Monterey Bay Aquarium took part in the Summit to call for protection of the ocean, our most powerful tool to mitigate, and adapt to the impacts of, climate change. But what about the everyday work for climate solutions—the conversations we have with our families, neighbors, friends and colleagues? Aquarium Conservation Interpreter Allison Arteaga shares tips on how to make your next climate conversation a productive one.


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The Aquarium’s mission is to inspire conservation of the ocean. Each of us has a role to play through our everyday conversations.

At the Monterey Bay Aquarium, a mother and her teenage son encounter an abalone at a touch pool. They’ll learn how they can help give shell-building animals like this one the stable ocean chemistry they need to support entire marine food webs.

A retired couple watching a green turtle glide through the water at the Open Sea will discover what they can do to protect the next generation of sea turtles, which need stable beach temperatures to nest successfully. And a group of young adults mesmerized by the swaying of a kelp forest will be inspired by the ways in which, like the kelp itself, local communities are now getting their energy from the sun in order to protect the ocean.

Conversations like these have power. At the Aquarium, we believe talking about climate change is an important part of the solution. That’s why we’ve been working for more than a decade on effective strategies to engage the public, particularly our 2 million annual visitors, in conversations about climate science and solutions.

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We Are Still In for the ocean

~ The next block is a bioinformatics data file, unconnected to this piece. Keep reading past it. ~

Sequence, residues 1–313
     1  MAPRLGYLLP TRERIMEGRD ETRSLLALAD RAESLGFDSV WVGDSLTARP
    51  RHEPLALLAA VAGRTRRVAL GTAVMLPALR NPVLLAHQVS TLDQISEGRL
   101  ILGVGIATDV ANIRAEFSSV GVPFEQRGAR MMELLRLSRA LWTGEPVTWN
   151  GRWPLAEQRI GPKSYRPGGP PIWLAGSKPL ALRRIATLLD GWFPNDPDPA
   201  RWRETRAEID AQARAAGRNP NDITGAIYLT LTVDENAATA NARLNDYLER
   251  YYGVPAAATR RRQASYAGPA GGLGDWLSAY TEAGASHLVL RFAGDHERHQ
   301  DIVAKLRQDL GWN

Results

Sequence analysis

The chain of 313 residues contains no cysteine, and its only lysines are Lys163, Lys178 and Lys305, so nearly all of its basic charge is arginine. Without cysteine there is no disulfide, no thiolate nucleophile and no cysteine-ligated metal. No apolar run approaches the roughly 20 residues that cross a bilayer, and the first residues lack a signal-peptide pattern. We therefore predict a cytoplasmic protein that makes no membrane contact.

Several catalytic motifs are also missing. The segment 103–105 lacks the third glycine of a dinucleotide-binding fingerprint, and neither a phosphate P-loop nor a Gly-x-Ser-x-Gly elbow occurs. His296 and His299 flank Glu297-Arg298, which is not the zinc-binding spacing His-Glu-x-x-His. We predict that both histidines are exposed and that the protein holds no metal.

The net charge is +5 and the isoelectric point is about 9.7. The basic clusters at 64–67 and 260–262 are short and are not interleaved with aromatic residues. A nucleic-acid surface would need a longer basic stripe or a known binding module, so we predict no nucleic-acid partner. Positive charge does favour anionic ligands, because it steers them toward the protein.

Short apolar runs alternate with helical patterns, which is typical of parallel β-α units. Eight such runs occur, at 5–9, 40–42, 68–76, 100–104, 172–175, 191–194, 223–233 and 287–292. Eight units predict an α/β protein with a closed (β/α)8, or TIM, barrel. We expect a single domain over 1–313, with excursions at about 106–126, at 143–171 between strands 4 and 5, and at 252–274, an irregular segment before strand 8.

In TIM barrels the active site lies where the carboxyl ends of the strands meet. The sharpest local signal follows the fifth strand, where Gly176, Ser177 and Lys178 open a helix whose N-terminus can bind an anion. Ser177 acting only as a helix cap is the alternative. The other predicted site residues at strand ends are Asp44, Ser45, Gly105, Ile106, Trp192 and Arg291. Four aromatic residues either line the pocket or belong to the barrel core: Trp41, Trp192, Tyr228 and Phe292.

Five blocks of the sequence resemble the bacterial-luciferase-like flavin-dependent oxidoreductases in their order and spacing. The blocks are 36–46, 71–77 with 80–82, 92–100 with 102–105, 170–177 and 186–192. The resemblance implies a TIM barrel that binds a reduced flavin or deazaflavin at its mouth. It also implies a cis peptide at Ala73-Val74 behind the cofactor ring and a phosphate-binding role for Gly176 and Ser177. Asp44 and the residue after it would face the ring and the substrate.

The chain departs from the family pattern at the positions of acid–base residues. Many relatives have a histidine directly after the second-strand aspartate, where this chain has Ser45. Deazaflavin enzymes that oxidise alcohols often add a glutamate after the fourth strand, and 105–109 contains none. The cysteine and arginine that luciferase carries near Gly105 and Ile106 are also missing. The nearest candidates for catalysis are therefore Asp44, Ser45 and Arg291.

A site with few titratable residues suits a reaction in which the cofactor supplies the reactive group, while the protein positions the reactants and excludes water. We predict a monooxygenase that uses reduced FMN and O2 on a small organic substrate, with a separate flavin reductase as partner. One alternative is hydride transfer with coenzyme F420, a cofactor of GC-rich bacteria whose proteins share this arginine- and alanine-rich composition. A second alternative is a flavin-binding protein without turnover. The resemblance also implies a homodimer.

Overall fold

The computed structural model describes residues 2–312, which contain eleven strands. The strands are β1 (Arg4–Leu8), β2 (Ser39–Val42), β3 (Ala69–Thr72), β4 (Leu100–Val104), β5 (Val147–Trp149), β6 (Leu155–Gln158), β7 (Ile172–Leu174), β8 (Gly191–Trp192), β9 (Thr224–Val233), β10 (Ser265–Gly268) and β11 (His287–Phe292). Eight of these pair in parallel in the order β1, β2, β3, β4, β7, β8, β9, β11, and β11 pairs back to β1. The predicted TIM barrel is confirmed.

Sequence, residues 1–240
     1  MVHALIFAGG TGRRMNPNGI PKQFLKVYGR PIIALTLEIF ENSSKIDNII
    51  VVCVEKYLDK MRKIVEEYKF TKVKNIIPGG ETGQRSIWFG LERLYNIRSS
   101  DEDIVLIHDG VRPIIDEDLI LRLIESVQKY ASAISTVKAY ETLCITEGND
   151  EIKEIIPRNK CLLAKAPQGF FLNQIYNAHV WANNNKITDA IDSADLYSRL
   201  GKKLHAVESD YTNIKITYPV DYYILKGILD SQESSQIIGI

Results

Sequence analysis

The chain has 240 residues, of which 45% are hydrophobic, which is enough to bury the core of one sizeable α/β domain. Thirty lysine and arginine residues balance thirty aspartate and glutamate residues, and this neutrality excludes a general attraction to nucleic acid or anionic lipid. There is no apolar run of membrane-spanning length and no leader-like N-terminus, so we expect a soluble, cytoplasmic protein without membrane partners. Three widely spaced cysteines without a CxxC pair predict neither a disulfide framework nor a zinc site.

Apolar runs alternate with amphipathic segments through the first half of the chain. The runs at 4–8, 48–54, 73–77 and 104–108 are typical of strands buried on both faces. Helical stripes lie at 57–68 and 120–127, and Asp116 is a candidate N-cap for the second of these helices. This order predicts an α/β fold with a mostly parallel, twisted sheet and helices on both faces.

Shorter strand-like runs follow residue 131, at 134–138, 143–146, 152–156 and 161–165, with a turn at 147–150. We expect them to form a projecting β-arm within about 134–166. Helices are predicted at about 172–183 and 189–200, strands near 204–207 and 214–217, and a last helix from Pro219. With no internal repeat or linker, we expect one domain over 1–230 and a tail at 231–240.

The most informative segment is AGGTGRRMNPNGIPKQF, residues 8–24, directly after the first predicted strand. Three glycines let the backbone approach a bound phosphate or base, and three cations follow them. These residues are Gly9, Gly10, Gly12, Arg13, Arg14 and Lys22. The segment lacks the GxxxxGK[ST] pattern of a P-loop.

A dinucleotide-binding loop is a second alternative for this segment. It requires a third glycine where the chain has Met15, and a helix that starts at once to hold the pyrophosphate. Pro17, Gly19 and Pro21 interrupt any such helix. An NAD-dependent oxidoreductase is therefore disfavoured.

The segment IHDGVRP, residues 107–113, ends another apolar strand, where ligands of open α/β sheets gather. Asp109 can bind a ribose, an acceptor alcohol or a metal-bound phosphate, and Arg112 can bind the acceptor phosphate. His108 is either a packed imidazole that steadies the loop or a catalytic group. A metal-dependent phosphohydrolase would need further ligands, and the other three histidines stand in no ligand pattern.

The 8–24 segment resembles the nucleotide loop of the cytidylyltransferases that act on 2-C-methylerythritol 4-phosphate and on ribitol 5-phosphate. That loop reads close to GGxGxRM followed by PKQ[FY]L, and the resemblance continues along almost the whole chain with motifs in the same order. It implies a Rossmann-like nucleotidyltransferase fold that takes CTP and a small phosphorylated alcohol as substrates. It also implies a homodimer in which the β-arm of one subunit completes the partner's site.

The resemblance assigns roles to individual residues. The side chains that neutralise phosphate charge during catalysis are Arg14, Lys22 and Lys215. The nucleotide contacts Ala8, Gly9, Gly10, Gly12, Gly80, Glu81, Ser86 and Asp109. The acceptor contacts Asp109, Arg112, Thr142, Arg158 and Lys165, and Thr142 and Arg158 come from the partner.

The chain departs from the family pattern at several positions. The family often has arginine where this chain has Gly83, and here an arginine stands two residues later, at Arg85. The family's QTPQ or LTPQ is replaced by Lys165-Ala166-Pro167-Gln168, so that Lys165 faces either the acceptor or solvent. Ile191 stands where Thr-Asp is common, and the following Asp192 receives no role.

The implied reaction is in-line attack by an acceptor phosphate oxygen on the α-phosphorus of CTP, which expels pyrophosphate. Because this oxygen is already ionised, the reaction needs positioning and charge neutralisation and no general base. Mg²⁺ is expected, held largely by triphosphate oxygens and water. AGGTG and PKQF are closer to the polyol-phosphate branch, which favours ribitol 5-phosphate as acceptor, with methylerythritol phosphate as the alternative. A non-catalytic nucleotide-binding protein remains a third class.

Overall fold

The week of September 10, people from around the world are gathering in San Francisco for the Global Climate Action Summit. Convened by the State of California, the Summit brings together leaders—representing nations, states, cities, companies, investors and citizens—to celebrate climate action, and step up their ambitions to meet the targets set by the Paris Agreement. As part of Monterey Bay Aquarium’s climate commitment, we’re moving to green our own business operations. Here’s how:

Monterey Bay Aquarium has announced a new set of climate commitments: By 2025, we will achieve net-zero carbon emissions and will transition 100 percent of our vehicle fleet to renewable power.

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The Aquarium has committed to achieving net-zero carbon emissions.

“We know that climate change is the single greatest threat to ocean health, and to all humankind,” said Margaret Spring, chief conservation officer and vice president of conservation & science for the Aquarium.

Margaret made the announcement on the stage of the “We Mean Business Action” platform hosted by We Are Still In in San Francisco during the Global Climate Action Summit.

We Are Still In is a coalition of more than 3,500 U.S. businesses, cities, universities, cultural institutions, health care organizations, faith groups, states and tribes that committed to climate action in keeping with the 2015 Paris Agreement, after the federal government announced plans to withdraw from the historic global climate accord.